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Welcome to the second installment of our “Guerilla Engineering – Tales from the Start-Up Trenches” series of blog posts. This edition is half bravado and half ingenuity with a splash of impatience. As an independent software vendor, our customers (i.e. operators) are always afraid of the effort, coordination and support needed for our solution to work with their Wi-Fi hardware. Horror stories abound filled with a few common themes:
These situations combine to lead to untenable schedule delays and more complex vendor management.
We knew this perception would be a hurdle for us to get into the market, so since the beginning we’ve always aggressively taken on the responsibility to integrate and support our software with 3rd party Wi-Fi access points. Most of the time the integration was completed with limited to no assistance from the Wi-Fi equipment maker. This proactive approach has given us double digit proof points (i.e. we have successfully integrated with over a dozen different Wi-Fi APs), which often is enough. However, for this tale and particular customer it was not.
To set the stage, we had been the selected vendor for a field trial out of an extensive RFP. As the next step, the customer requested we put together a trial plan and scheduled a meeting to review it. The first step in the plan, of course, was to get our solution working with their existing Wi-Fi router. The meeting was nearly derailed by the abject fear of this process. Comments such as “our vendor will take months to support you” and “we’ll need to broker a three-way engagement” were thrown around, and regardless of all the examples we gave to the contrary we could not convince them it would be a simpler process than they imagined.
As we left the meeting and were walking back to the hotel (this was a Thursday), the group of us immediately agreed we had no choice but to prove with action where our words failed. Two actions immediately went into motion. First, we had to get our hands on the customer’s Wi-Fi router; second we needed to get their Wi-Fi hardware vendor to commit to allow us to complete the integration.
For the first action, as this was a residential product, we initially tried to find a friend, colleague, or otherwise who was a subscriber and had that specific router. When we struck out with that approach the next stop was online shopping – basically hunting through Craigslist and eBay. Luckily, we could find a few individuals selling the routers of this operator (note – this is completely legal as the routers had been purchased from the operator versus rented). After a few emails and meetings to pick-up the equipment (no time for shipping) we had three routers in our office the following Monday.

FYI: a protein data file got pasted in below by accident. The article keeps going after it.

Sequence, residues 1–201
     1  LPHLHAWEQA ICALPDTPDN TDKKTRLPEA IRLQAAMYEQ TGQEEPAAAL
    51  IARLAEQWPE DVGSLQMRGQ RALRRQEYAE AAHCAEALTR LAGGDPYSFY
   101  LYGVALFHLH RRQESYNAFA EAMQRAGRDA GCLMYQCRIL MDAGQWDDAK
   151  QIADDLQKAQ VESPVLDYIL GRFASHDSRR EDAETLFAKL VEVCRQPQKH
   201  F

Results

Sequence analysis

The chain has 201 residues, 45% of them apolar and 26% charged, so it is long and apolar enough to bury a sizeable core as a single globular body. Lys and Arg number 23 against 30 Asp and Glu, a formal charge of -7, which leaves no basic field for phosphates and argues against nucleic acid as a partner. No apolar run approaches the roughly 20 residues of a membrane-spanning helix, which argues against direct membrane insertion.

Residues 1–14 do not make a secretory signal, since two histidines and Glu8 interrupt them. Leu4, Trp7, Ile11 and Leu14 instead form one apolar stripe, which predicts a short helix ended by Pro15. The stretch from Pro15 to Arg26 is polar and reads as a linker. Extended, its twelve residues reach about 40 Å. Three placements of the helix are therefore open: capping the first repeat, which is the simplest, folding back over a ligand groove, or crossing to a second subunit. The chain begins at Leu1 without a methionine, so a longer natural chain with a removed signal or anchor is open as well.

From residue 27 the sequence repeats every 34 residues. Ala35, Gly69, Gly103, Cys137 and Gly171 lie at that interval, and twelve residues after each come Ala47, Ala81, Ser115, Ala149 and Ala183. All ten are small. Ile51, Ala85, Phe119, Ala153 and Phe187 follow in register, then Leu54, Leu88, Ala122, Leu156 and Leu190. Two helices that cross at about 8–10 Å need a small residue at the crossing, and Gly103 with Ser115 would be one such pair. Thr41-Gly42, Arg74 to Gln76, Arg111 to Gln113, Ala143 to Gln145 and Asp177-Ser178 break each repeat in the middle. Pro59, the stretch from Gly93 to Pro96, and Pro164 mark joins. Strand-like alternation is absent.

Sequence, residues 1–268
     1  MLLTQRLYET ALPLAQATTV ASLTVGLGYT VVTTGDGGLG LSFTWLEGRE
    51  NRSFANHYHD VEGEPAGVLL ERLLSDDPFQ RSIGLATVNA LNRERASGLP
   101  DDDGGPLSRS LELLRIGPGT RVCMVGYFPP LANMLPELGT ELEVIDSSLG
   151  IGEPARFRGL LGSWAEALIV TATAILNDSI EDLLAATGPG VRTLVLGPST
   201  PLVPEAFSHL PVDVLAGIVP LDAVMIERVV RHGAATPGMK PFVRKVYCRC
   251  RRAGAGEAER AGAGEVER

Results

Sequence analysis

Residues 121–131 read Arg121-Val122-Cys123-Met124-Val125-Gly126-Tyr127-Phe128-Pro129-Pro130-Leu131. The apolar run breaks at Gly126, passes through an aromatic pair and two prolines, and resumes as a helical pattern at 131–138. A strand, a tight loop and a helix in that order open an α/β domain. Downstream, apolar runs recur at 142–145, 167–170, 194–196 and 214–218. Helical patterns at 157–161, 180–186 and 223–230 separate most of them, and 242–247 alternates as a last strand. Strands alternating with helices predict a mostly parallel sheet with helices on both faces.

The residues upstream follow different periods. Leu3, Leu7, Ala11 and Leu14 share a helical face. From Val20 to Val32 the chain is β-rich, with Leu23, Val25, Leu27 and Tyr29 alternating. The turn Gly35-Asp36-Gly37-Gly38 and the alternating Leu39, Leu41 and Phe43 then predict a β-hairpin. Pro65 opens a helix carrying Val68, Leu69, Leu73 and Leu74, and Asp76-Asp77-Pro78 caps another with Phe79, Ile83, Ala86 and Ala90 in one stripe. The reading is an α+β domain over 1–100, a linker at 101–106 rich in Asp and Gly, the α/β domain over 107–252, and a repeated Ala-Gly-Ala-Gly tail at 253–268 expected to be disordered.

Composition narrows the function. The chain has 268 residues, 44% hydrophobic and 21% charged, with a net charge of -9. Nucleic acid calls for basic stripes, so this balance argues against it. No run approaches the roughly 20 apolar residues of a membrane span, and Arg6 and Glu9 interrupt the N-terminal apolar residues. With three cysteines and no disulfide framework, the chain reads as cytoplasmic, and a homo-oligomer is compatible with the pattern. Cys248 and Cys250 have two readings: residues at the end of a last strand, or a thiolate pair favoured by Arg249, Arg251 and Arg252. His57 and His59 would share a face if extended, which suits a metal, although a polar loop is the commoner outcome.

For the second, everyone on our team turned to their personal network to get in touch quickly with the correct people at the vendor and convince them that it was good for them, us and the customer to move this program forward quickly. It extends the life of the vendor’s Wi-Fi router at the operator, we were not going to bug them for a bunch of support, and it’s always great to do something the customer wants. They agreed to notify the customer that they were supportive of us running an application on the hardware, removing the need for any weighty three-way contracts. This happened on that Wednesday.
With those two boxes checked, the next challenge was to get into the Wi-Fi platform. Thankfully our team determined the root password and with that they were off and running. This was much easier than earlier platforms, where we soldered wires onto a Wi-Fi router to get serial port access. With the right platform access it took the Engineering team less than a week to integrate with the operator’s Wi-Fi router, we had their vendor on board with the engagement, and agreed to deliver a fully-tested integration by the end of the month. So by the Friday (i.e. 5 business days) after the original meeting we had assuaged concerns about engaging an independent software vendor to manage and optimize the operators existing and planned Wi-Fi equipment. Just another week at a start-up.
As I wrote in the introduction to this series, this is not something impossible to get done at a bigger company, but often the culture makes it more difficult. The engineer who bought the routers would have needed to enter it into a purchasing system and somehow gotten the individual private sellers of the Wi-Fi routers approved. Business development would have needed to go through specific channels to get a discussion going with the Wi-Fi equipment vendor and may have been reticent to get into specifics on the customer engagement without a formal partnering arrangement in place. These tools and processes are useful and necessary to scale – but when you’re fighting it out in the trenches they simply slows things down. The whole point of working with a company like XCellAir is speed and agility, otherwise it may not be worth the risk of engaging a smaller (I like to say “focused”) player. Thankfully, time and time again we have been able to make good on that promise.
Some may ask – “well how do you plan to scale the approach?” Fair question for sure. We have a dedicated team within our organization focused solely on new integrations and on-going support of existing integrations with supported Wi-Fi routers. This has been a part of the planned required investment since day one and fits well into our growth models. It requires investment and an organizational commitment – easier problems to tackle then the algorithms the team’s designed to solve Wi-Fi congestion!
Well that’s it for this round. Look out for more in the weeks to come.